Country Study: Venezuela

To learn more about Venezuela, start with a book about the country from your local library. See if they have a travel movie as well. My older kids read the books on their own, but for the younger ones, I read the book, then look through the pictures with them, explaining as I go. I usually ad lib and give my philosophy as I go along, explaining additional things I know or believe about the historical background, political system, and famous people from the country. Today, when I was doing this for Venezuela my older boys were listening in as well. They enjoy hearing the extra details.

This is Caracas, the capital city of Venezuela. Photo by PAULINO MORAN, CC license, Wikimedia.

Map Exploration

After you have a bit of background information label and color a Venezuela Map. Label the largest cities, the seas, and the biggest rivers.  See if you can find and draw on Lake Maracaibo and Angel Falls.

Venezuela web

The name Venezuela means “Little Venice.”  It likely got that name because of its’ palafitos, or stilt villages that are built right on the water like the buildings of Venice, Italy.

This type of home is called a palafito, a home built on stilts over water. Photo by Peter & Jackie Main, CC license.

Food Exploration

Then for dinner have some Venezuelan food. Try arepas, a Venezuelan bread, topped with beef chili and some tropical fruit, like papaya, plantains, and guava, on the side.

These are traditional arepas. Photo by Wilmeris Hernández, CC license, Wikimedia.
  • 3 c. masa harina (corn flour, found in the Mexican food section of the grocery store)
  • 3 c. water
  • 1/2 t. salt
  1. Measure the masa into a mixing bowl, throw in the salt, and stir in the water.
  2. Then form the dough into a ball and press flat between your palms, about 3/4 of an inch thick. These are much fatter than tortillas, but made of the same ingredients.
  3. Fry the arapas on a skillet, turning to brown on both sides, then place on a baking sheet and bake in a 350 deg F oven for 20 min.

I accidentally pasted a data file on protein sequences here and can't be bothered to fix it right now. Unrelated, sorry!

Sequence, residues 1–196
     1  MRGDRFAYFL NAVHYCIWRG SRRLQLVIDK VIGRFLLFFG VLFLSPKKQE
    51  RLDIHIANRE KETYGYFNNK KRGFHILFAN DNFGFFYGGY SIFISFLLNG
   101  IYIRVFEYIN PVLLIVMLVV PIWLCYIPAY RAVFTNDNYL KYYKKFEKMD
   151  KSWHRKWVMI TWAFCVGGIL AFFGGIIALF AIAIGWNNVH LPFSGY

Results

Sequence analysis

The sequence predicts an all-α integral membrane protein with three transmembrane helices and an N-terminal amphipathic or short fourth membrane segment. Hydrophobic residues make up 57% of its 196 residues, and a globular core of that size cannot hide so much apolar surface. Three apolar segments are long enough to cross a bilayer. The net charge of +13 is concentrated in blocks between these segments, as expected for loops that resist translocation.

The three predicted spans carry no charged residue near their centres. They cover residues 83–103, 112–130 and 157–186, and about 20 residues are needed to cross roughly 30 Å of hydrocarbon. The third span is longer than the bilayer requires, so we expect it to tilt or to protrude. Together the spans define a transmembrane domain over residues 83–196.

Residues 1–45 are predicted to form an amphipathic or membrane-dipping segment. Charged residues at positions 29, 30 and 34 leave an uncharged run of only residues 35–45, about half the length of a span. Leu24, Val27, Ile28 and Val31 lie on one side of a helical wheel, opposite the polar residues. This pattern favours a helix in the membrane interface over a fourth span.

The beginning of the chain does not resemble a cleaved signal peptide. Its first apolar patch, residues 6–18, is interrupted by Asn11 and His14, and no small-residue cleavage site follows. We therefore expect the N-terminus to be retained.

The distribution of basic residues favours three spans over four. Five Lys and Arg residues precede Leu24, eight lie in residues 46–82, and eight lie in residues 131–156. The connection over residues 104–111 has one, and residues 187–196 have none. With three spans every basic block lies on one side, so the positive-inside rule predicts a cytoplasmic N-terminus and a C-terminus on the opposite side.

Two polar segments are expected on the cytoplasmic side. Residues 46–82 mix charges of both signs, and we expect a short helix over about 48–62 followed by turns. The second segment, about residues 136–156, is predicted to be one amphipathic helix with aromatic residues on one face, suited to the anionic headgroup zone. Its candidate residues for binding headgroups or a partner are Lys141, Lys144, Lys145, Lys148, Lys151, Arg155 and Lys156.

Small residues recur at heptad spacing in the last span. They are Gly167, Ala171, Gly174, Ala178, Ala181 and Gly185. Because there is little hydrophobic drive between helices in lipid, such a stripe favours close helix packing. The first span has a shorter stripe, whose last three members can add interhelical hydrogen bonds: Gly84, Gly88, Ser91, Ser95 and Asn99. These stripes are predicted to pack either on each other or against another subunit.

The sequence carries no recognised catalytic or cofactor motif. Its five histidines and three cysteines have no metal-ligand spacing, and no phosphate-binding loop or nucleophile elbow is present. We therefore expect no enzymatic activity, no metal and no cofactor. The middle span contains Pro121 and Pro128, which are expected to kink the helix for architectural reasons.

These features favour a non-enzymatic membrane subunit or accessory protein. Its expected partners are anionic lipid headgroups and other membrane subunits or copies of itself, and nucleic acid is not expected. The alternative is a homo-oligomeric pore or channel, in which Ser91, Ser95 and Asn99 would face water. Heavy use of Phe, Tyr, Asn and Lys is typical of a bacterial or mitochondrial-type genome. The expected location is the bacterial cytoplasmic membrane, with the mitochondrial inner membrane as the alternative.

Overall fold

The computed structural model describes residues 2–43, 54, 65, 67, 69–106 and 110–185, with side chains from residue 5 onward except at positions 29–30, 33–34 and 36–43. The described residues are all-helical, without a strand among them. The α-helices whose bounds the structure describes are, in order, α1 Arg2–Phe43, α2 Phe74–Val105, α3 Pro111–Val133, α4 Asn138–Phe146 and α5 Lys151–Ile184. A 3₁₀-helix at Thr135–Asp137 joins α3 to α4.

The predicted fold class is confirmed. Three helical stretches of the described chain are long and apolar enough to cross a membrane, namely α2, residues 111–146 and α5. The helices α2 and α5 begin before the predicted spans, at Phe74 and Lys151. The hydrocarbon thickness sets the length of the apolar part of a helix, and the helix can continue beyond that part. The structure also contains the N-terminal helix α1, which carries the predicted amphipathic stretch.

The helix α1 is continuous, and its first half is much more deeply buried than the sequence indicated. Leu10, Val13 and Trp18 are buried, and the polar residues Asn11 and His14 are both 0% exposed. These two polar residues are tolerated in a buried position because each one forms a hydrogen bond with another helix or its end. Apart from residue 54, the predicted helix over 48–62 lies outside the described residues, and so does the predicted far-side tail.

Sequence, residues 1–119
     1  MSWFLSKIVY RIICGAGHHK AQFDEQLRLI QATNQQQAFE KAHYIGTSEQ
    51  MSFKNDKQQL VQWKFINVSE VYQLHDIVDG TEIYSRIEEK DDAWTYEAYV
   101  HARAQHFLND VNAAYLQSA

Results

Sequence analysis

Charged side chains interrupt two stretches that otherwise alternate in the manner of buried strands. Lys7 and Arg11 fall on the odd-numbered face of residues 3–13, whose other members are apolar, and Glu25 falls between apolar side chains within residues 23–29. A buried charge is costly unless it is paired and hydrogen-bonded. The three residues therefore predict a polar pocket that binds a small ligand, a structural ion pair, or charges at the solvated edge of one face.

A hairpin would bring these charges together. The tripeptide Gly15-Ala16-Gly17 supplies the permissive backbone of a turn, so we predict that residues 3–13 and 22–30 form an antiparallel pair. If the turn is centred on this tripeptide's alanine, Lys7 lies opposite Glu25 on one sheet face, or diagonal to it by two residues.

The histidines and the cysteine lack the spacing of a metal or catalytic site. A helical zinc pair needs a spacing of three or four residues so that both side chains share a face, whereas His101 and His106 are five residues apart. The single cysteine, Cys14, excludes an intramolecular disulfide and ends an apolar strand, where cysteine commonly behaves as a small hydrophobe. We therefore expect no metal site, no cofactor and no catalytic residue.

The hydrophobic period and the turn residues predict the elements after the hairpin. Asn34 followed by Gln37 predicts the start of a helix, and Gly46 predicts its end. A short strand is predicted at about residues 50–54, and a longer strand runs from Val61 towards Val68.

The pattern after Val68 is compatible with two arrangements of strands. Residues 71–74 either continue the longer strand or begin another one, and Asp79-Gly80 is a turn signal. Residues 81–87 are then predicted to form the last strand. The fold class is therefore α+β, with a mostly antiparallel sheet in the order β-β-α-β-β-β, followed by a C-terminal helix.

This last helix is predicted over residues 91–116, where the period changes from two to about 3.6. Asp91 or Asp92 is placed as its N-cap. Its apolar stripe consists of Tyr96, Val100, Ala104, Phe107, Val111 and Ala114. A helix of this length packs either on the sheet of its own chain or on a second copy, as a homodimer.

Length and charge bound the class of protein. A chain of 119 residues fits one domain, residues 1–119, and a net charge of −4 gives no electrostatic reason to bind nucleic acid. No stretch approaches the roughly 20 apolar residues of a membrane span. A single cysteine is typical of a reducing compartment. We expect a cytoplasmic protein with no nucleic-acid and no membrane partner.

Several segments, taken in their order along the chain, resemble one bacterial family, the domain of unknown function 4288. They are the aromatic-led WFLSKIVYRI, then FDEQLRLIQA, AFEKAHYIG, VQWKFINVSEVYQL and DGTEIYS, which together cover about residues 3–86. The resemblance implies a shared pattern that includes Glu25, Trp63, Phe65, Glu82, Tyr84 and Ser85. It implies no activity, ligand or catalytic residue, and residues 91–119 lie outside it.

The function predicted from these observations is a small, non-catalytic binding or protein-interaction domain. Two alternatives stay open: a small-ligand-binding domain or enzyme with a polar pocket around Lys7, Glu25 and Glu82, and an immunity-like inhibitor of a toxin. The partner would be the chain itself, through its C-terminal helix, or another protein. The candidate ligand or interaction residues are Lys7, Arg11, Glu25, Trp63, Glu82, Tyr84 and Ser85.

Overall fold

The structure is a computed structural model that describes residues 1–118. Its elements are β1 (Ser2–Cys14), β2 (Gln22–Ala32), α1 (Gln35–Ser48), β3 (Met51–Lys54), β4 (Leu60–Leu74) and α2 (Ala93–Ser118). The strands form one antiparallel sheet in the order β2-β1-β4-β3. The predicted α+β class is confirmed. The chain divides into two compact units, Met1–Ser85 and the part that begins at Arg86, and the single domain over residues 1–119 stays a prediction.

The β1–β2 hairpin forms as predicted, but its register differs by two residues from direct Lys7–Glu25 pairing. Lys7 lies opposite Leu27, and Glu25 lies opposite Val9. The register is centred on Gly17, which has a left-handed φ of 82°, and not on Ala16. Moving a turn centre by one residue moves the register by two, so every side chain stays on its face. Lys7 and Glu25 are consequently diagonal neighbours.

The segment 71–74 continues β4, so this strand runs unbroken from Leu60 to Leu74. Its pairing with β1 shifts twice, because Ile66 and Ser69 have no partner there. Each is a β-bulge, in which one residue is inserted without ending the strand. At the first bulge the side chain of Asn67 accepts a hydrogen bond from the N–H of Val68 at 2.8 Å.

Top the arepas with anything from fish to shredded beef to fruit and cream.

Venezuela is a beautiful country with mountains, jungles, grasslands, beaches, and forests. This is La Gran Sabana, a region of table mountains, steep valleys, jungles, and savannas that reaches across the Venezuelan border into Brazil and Guyana. Part of this region is protected within Canaima National Park. Photo by Inti, CC license, Wikimedia.

Additional Layers

  • Venezuela has a republican form of government, with a constitution and divided powers of government, but it continually experiences upheaval in the form of rebellions and military takeovers. Discuss with your children why some governments are more stable than others. What does it take for a Republic to remain under the rule of law and not degenerate into a totalitarian state?
  • Oil is by far the most important part of the Venezuelan economy. Venezuela is a member of OPEC. Find out more about OPEC and how they affect the world economy.
  • Venezuela is very near the equator. Learn more about tropical climates and ecosystems. what are some unique animals and plants that live there?
  • Find out more about Venezuela’s history. Briefly, it was first discovered by Christopher Columbus, held by Spain for three hundred years, liberated finally by Simon Bolivar, and since then has experienced one military coup after another.
  • Very few of the original native peoples remain in Venezuela. They were killed by the Spanish through hard labor and disease. The three main original tribes were the Caribs, who lived on the islands just off shore in the Caribbean, the Arawaks, who inhabited coastal areas, and the Chibchas, who lived in the valleys of the Andes Mountains. Find more about these native groups.

More From Layers of Learning

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2 Comments

    1. Just click on either the map picture or the text link that says “map of Venezuela” in the article and it will take you right to the printable version. Depending on your browser, you can then just hit the print button or hit CTRL+P to print it. Hope you have lots of fun learning about Venezuela!

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